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Diary Notes from 

The Marcus Bruce Christian Archives

University of New Orleans

 

 
 

 

Books by Marcus Bruce Christian

Song of the Black Valiants: Marching Tempo / High Ground: A Collection of Poems  / Negro soldiers in the Battle of New Orleans

I am New Orleans: A Poem / Negro Iron Workers of Louisiana: 1718-1900 /  The Liberty Monument

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DN4

Christian on Lyle Saxon & the History Manuscript

 

November 10, 1943, 12:30 p.m.

I have been taking time to revise and gather new notes. Now I have begun to write the final copy. I am making the chapters much shorter than they were before. Understand? He said, unh-hunh, yes. I said that when I finish the first three chapters that I am working on now, would it be all right to send it to him and then let him read them for me. Yes he would be glad to do it.  

Then I said, I could mail them to him. But why not bring them down to the hotel one day, say tomorrow? No, I said because I want to have the typing in the best condition, and I go so slowly that I only type about five finished pages a day. I tear up so many of those even while I am typing them. He said that is not bad. Saxon doesn't do much better himself, or maybe not  as good. That's fairly good five pages a day. 

Well, I said, I would like for him to read through the chapters, as these first chapters are my hardest ones, and after I see how they stand, I shall go fairly fast. So he could  make a few notes on a separate sheet of paper, and just clip it to the manuscript and mail it back to me. And he broke in to say that it would be better to bring it down to him, and you  see, this is one of those things that I hate to do, so you'd better stay with me until it's done. So just come down to the  hotel and I am really sorry that you will have to use that damn freight elevator, and you just can let me read it while you're  here.

Well then, I said, we'll make it say one day next week, say Wednesday or something. And he says, well, make it as early as  you can Christian, because like I'm feeling I'm not sure now if  I'll be living very long. Honestly, I'm feeling bad. Feel as if  I were going to die, so don't be long doing it. What's the matter, I asked, surely you're not going to croak on me? He said what did you say, and I said, surely you're not going to die on me. He said, well like I feel anything might happen,  that's why I tell you make it soon. . . .

And he says, sure, you're not going to die, you're all right, and you're happily married--and I broke in and said, yes, but let me tell you something, I was not fooled about the marriage thing--I did not go into it thinking that it was a bed of roses and it isn't, but I'm satisfied. He was silent. Anyway, I said, I tell you what I'm going to do, I am going to come down  sometime between Tuesday and Thursday--I think Wednesday, but I'm not sure. Anyway, when I'm ready to come down, I'll phone  you and tell you that I'm coming -- remember now, I'll be ready  and on my way when I phone. And he said good, but make it soon, because I'm not feeling well at all. And I said that he must  take care of himself, and that I would call him next week when I start out, and we both said good-bye.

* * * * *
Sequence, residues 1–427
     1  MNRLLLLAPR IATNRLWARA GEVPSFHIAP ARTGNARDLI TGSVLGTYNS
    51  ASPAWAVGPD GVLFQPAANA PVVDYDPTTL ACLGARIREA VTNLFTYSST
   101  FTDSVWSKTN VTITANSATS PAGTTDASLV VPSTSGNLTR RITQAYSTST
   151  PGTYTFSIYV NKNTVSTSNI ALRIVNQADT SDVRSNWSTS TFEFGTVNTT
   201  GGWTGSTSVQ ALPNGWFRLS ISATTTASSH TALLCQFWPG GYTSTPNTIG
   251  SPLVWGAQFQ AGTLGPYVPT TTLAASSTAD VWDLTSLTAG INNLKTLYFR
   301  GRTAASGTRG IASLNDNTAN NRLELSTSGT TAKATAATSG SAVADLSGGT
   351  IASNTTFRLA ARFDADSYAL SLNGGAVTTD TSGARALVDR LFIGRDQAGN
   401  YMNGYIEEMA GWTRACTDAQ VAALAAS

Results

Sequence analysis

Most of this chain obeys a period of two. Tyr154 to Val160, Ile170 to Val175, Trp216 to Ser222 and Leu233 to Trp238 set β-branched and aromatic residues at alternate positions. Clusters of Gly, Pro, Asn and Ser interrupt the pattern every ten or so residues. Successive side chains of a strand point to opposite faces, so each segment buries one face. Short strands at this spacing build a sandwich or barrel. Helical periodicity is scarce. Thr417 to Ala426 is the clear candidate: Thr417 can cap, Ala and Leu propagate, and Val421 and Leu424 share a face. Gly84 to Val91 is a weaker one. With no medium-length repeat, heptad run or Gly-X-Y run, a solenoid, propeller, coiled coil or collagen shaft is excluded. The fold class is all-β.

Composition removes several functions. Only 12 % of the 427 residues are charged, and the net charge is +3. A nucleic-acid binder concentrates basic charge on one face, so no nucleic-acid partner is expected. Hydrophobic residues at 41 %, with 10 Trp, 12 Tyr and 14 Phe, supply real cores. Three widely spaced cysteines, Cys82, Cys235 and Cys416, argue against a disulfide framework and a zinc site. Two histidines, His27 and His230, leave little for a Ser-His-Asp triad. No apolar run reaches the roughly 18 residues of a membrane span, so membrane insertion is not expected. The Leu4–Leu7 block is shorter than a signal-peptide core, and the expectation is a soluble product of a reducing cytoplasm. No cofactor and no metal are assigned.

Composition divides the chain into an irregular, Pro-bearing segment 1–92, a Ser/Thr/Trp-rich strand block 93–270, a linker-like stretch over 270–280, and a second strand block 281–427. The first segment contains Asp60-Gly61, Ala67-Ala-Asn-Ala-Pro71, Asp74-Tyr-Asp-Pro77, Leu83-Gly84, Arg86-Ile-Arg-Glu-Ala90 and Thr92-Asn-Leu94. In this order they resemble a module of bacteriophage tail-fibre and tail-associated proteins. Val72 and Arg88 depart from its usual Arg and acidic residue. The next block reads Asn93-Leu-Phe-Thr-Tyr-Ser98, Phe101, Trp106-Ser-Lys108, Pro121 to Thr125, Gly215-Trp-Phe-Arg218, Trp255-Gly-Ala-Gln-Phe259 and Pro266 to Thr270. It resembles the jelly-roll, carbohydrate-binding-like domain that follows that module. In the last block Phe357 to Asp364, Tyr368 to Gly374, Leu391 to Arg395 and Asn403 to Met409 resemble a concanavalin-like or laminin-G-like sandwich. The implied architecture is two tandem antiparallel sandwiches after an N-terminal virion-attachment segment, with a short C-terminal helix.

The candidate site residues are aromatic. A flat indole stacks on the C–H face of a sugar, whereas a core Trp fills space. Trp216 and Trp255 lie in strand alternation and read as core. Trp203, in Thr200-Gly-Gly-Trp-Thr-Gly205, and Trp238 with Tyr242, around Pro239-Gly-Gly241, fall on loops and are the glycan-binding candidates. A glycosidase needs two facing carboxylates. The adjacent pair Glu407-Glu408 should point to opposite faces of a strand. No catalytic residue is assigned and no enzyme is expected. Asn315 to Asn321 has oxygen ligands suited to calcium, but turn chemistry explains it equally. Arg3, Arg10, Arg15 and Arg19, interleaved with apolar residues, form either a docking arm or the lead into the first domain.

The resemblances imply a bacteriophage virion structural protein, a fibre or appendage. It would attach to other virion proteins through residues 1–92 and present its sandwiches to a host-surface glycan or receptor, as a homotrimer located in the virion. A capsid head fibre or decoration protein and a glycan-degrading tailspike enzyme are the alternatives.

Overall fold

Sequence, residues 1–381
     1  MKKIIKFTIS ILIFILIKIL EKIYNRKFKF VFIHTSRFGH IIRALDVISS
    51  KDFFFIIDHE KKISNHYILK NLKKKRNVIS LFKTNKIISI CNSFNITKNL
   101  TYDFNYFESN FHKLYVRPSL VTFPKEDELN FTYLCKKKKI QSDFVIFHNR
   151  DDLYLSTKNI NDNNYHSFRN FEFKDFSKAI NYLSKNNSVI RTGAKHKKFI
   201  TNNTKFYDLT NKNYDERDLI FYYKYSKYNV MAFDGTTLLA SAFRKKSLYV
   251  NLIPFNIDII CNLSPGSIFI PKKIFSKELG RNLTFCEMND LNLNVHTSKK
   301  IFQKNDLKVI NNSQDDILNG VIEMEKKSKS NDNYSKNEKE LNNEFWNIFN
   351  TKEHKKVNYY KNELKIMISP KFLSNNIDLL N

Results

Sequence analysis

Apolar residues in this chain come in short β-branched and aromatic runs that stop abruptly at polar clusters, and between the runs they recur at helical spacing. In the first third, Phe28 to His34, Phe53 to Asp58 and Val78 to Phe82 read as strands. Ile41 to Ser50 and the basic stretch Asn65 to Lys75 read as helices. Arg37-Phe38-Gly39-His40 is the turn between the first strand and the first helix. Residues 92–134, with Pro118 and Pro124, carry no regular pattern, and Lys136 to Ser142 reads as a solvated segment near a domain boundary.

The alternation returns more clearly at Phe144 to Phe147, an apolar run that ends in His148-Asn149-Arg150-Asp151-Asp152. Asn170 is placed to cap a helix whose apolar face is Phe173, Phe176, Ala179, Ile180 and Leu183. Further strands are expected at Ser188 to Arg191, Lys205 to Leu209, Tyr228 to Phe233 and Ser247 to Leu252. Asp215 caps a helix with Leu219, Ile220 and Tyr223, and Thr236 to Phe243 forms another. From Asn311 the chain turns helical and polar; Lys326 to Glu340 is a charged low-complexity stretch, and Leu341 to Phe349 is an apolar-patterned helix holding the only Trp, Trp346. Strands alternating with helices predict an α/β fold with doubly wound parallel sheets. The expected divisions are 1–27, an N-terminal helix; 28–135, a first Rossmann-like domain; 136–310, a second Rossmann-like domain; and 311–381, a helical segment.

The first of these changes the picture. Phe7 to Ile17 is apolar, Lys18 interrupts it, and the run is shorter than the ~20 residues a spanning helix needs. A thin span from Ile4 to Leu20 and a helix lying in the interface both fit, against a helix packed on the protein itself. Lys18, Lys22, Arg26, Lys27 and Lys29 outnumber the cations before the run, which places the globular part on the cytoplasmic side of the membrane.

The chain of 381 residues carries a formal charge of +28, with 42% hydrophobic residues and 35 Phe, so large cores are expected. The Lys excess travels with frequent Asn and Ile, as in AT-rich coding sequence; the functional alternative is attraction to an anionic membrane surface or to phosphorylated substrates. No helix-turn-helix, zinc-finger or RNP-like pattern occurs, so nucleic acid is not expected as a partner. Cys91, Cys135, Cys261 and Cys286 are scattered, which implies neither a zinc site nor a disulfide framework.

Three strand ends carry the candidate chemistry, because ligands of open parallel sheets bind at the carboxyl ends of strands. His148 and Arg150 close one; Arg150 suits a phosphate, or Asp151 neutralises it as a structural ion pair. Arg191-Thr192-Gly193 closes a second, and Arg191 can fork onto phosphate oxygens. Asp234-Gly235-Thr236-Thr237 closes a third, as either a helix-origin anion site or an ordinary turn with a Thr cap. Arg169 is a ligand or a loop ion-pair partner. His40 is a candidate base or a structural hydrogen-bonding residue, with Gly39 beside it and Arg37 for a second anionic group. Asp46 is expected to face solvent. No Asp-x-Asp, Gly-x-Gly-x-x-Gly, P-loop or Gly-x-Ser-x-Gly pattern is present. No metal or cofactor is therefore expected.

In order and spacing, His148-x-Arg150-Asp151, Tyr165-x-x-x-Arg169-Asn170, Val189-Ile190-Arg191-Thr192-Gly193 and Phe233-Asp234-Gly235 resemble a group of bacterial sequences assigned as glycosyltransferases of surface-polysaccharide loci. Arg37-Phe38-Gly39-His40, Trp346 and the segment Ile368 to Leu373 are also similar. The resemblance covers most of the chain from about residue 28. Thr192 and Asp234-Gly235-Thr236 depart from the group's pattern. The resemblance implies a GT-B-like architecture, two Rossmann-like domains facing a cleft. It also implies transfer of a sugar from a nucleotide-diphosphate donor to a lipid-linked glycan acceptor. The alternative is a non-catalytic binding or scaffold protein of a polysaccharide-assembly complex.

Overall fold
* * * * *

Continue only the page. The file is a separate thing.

I noticed, that he said, rather slowly and reflectively, and a little sadly, 'good-bye, boy'. I was just thinking. Roark  Bradford wrote long ago--and it does seem ages ago, although it is only a year or two--that Mr. Saxon never called you boy.

<<---Previous                 Next--5->>

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Marcus Bruce Christian

Selected Diary Notes / Selected Poems  / Selected Letters

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Memories of Marcus B. Christian (CainsChristian's BioBibliographical Record    Introduction to I AM NEW ORLEANS 

A Theory of a Black Aesthetic   Magpies, Goddesses, & Black Male Identity

Activist Works on Next Level of Change   Intro to I Am New Orleans   Letter from Dillard University

A Labor of Genuine Love  Letter of Gift of Photos   Letters from LSU and Skip Gates

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Negro Iron Workers of Louisiana: 1718-1900

By Marcus Bruce Christian

 

Study of the blacksmith tradition and New Orleans famous lace balconies and fences.

Acclaimed during his life as the unofficial poet laureate of the New Orleans African-American community, Marcus Christian recorded a distinguished career as historian, journalist, and literary scholar. He was a contributor to Pelican's Gumbo Ya Ya, and also wrote many articles that appeared in numerous newspapers, journals, and general-interest publications.

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Audio: My Story, My Song (Featuring blues guitarist Walter Wolfman Washington)

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Ancient African Nations

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Negro Digest / Black World

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Enjoy!

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The Death of Emmett Till by Bob Dylan  The Lonesome Death of Hattie Carroll  Only a Pawn in Their Game

Rev. Jesse Lee Peterson Thanks America for Slavery

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The Journal of Negro History issues at Project Gutenberg

The Haitian Declaration of Independence 1804  / January 1, 1804 -- The Founding of Haiti 

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update 17 April 2010

 

 

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